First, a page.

The monolith creators are just interested in making sure we eat well"
The asteroid, known as DA14, will pass by our planet in February 2013 at a distance of under 27,000 km (16,700 miles). This is closer than the geosynchronous orbit of some satellites.
There is a possibility the asteroid will collide with Earth, but further calculation is required to estimate the potential threat and work out how to avert possible disaster, NASA expert Dr. David Dunham told students at Moscow’s University of Electronics and Mathematics.
…if the entire asteroid [60-meter] is to crash into the planet, the impact will be as hard as in the Tunguska blast, which in 1908 knocked down trees over a total area of 2,150 sq km (830 sq miles) in Siberia. This is almost the size of Luxembourg. >continue<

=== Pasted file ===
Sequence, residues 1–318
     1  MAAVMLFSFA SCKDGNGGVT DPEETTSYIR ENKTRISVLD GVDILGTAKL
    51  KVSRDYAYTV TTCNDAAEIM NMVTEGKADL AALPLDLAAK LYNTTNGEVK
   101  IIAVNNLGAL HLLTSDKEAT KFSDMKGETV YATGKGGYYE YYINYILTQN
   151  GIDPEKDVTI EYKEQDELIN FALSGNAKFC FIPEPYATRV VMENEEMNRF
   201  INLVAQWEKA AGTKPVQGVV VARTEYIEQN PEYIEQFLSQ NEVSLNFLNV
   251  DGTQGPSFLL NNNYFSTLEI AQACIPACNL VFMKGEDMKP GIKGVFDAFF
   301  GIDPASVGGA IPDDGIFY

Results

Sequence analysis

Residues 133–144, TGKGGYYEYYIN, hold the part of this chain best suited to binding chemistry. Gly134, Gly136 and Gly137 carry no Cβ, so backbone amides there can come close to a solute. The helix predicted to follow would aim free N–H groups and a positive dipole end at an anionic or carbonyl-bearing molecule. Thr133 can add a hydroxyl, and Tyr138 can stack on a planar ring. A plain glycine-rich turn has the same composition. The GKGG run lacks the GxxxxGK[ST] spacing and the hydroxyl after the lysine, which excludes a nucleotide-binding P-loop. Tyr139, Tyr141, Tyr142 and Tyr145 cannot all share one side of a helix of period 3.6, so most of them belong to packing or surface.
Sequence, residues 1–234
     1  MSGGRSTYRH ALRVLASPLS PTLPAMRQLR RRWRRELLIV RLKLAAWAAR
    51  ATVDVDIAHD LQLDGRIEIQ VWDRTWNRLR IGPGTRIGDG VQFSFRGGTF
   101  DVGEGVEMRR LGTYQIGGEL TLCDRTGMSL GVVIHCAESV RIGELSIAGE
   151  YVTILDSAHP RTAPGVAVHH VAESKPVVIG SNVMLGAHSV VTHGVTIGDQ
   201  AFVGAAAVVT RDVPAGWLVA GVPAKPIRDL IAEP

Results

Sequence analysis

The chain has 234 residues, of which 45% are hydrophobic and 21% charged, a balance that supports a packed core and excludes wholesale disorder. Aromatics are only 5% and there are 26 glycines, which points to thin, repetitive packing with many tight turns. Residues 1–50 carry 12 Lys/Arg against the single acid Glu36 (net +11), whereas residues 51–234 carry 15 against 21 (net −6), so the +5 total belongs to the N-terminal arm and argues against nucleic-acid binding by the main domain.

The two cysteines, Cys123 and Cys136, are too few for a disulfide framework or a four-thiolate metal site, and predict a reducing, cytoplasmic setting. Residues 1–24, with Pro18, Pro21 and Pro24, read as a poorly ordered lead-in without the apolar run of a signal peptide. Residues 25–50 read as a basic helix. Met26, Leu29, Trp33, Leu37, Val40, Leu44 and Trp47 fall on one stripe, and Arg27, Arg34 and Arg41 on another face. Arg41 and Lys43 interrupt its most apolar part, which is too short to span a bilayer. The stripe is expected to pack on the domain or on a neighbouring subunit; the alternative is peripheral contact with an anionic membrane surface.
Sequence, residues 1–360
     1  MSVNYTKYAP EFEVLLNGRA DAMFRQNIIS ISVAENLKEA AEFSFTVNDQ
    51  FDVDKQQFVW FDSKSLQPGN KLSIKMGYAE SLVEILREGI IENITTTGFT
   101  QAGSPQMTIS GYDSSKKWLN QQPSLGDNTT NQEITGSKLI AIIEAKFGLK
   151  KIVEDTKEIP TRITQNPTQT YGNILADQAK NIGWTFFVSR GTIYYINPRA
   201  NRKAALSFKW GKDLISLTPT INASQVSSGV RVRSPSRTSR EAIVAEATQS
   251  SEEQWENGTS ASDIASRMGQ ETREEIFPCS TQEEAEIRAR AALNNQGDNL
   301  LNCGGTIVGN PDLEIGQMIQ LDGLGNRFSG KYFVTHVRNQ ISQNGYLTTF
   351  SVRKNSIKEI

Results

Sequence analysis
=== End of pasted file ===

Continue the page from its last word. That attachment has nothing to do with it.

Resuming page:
Andreas Tziolas is drafting a blueprint for a mission to a nearby star. Here, he discusses how we’ll get there — and why we try. We humans have known for a very long time that going to the stars will be difficult, if not impossible. The motto of NASA, Per Aspera Ad Astra, a latin phrase meaning “through hardship to the stars,” comes down to us all the way from Seneca the Younger, a contemporary of Nero. Even today…when we strain to capture the difficulty of a task, or the enormity of an achievement, “reach for the stars” is the first and most natural phrase that comes to mind. …With today’s best propulsion technology, chemical rockets, it would take between 50 and a 100 millennia to reach Proxima Centauri, the nearest star to the Sun. The ideas we have about how to expedite such a journey are just that: ideas. They belong to the realm of speculation. Nonetheless, they are beginning to take on an empirical glow. To be sure, the bundle of technologies that could conceivably send a spacecraft to another star won’t be here within the decade, or even within several, but neither are those technologies mere magical realism — indeed, planning for their development has begun in earnest… >continue @ theatlantic.com<